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JANE AESTHETIC MEDICINE AND SURGERY 895 E. Fremont Ave., Ste. 201, Sunnyvale (408) 737-9100 www.janeaesthetics.com

Dr. Jane Chung specializes in liposuction surgery as well as treatments in Botox, Restylane, Obagi, Radiesse, laser hair removal, tattoo removal and Active FX. Free consultations offered.

SALONS

CHAR’S HAIR DESIGN+ 413-A Monterey Ave., Los Gatos (408) 398-4892 www.charshairdesign.com

An experienced stylist with 15 years in the industry under her belt, Char specializes in hair designs for both men and women, and is trained in advanced color and color correction techniques. With Char, clients can be sure not only of a stylish cut, but consistency from visit to visit. As for the plus, Char also offers services such as waxing, manicures and pedicures.

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Clients head to this salon not just for it’s glamorous, recently-revamped decor, but for the exceptional talents of stylist and owner Edvin Babakhan and his team. Boasting stylists with training from some of the best names in the business (Toni and Guy, Vidal Sassoon International and Goldwell), Salon Rain not only offers clients the latest in hair trends and techniques, but does so in an unintimidating environment, using a personal approach that has gained them many loyal fans.

SCANDALOUS SALON 1324 Lincoln Ave., San Jose (408) 674-4114 www.scandaloussalon.com

Stylist and color/correction specialist Richie Rocket has taken up home at Willow Glen’s Scandalous Salon. He offers clients the best in hair coloring and cutting, and brings over 30 years of expertise to the acclaimed salon.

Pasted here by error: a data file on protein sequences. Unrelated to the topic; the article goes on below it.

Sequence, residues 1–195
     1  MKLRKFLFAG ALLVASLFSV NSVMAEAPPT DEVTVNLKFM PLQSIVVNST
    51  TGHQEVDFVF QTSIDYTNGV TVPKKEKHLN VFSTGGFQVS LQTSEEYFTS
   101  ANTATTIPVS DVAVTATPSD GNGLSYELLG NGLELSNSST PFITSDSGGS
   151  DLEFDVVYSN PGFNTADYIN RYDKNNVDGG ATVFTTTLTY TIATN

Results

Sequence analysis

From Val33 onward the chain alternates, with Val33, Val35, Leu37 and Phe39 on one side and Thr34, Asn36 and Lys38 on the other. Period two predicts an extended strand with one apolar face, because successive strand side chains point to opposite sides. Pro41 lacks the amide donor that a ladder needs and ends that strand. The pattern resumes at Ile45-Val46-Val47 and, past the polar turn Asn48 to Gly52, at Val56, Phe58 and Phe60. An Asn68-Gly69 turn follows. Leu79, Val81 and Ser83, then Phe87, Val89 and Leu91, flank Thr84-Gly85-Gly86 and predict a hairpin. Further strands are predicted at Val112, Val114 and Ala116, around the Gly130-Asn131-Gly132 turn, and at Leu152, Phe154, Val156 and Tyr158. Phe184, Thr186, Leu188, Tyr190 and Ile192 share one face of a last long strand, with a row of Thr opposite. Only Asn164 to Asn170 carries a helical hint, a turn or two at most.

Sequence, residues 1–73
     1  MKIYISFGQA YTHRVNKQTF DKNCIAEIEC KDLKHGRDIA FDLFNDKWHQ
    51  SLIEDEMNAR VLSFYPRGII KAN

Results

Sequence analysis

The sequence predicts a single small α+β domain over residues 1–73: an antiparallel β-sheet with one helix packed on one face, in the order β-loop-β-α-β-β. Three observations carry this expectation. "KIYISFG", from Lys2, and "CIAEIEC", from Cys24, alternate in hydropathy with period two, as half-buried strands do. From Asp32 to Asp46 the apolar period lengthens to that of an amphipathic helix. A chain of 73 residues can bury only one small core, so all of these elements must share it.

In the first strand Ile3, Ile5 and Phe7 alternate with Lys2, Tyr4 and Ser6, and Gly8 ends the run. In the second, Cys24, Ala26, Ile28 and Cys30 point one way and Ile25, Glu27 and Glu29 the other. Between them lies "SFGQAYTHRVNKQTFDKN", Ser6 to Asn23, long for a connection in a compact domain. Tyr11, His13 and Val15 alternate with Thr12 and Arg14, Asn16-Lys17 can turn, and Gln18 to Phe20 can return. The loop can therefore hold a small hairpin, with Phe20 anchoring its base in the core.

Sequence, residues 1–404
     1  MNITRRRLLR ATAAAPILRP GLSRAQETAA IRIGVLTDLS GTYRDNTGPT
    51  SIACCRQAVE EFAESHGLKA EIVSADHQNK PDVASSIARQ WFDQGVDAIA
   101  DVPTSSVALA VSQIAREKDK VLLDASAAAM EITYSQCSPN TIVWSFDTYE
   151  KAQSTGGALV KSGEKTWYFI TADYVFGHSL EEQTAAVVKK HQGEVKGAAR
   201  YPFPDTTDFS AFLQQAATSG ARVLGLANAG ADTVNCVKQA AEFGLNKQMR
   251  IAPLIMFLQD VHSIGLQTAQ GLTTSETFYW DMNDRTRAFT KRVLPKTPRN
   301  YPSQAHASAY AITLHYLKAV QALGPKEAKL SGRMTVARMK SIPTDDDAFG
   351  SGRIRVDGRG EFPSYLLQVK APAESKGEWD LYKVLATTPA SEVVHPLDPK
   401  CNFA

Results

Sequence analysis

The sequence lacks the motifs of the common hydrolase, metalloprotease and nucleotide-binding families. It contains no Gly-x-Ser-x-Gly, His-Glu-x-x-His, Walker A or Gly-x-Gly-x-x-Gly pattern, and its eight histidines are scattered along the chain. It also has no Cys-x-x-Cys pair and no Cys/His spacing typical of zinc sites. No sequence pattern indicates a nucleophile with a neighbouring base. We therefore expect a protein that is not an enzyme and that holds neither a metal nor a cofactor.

TANNING

EDGE SALON

MAGIC TAN

250 University Ave., Ste. 103, Palo Alto (650) 462-1000 www.edgehairsalon.com

5450 Thornwood Dr., Ste. D, San Jose (408) 225-5688 www.magictaninc.com

Since opening in 2005, this edgy salon has won fans for its talented stylists, who are up with the latest hair styling and cutting techniques to stay on the cutting edge of hair care and creativity. The salon is also popular for its impressive selection of magazines to peruse while they do your do, and offers high speed Wi-Fi access.

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2202 Lincoln Ave., San Jose (408) 265-4247 www.salonrain.com

With over 20 years in the tanning business, Magic Tan offers the latest in equipment and technology, including a wide range of UV tanning beds and the sunless spray-on tanning both by Versa Spa. Expect comfortable rooms and friendly, helpful staff. TW


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50 Ways 9/2

thru September 13: Shady Shakespeare Theatre Company presents Richard III, the timeless British tale of King Richard’s reign and his self-destructive pursuit for absolute power: 7pm

WEDNESDAY 18. SHERYL CROW The Mountain Winery, 14831 Pierce Rd., Saratoga www.livenation.com

14. STARGAZING PARTY WITH THE PENINSULA ASTRONOMICAL SOCIETY

September 2-3: Did you know that Sheryl Crow was a backup singer for Michael Jackson’s Bad Tour? Don’t even say you did, because you didn’t!: 7:30pm

Hidden Villa Ranch, 26870 Moody Rd., Los Altos Hills www.hiddenvilla.org

August 29: Enjoy a summer night under the stars with a special indoor presentation for children and adults, and then head outside to view the night sky through massive telescopes: 8pm – Midnight

9/3

THURSDAY

15. AS YOU LIKE IT San Jose Repertory Theatre, 101 Paseo de San Antonio, San Jose (408) 367-7255 www.sjrep.com

19. TREASURE ISLAND Bus Barn Theatre, 97 Hillview Ave., Los Altos (650) 941-0551 www.busbarn.org

August 29-September 27: A Shakespearean comedy about a heroine who disguises herself as a man in order to teach the man she desires how to love a woman.

September 3-October 3: Robert Louis Stevenson’s masterful adventure story with pirates, treasure and more pirates! 20. CAPITOLA BEGONIA FESTIVAL

8/30

Capitola Village by the Sea, Stockton Ave. & Esplanade, Capitola www.begoniafestival.com